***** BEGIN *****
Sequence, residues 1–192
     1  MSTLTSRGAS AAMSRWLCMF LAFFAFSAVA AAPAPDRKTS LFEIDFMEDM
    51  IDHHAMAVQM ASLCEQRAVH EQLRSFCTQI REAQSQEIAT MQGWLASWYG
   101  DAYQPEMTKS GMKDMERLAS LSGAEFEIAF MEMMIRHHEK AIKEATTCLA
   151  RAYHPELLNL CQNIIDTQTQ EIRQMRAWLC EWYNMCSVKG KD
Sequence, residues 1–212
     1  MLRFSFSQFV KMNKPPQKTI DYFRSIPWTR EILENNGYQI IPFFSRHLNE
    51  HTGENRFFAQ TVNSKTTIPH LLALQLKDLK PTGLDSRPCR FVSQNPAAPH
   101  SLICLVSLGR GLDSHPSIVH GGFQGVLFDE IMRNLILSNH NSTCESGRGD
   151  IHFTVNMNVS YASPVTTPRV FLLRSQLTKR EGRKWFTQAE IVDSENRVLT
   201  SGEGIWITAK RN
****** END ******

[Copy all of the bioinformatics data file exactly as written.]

Sequence, residues 1–192
     1  MSTLTSRGAS AAMSRWLCMF LAFFAFSAVA AAPAPDRKTS LFEIDFMEDM
    51  IDHHAMAVQM ASLCEQRAVH EQLRSFCTQI REAQSQEIAT MQGWLASWYG
   101  DAYQPEMTKS GMKDMERLAS LSGAEFEIAF MEMMIRHHEK AIKEATTCLA
   151  RAYHPELLNL CQNIIDTQTQ EIRQMRAWLC EWYNMCSVKG KD
Sequence, residues 1–212
     1  MLRFSFSQFV KMNKPPQKTI DYFRSIPWTR EILENNGYQI IPFFSRHLNE
    51  HTGENRFFAQ TVNSKTTIPH LLALQLKDLK PTGLDSRPCR FVSQNPAAPH
   101  SLICLVSLGR GLDSHPSIVH GGFQGVLFDE IMRNLILSNH NSTCESGRGD
   151  IHFTVNMNVS YASPVTTPRV FLLRSQLTKR EGRKWFTQAE IVDSENRVLT
   201  SGEGIWITAK RN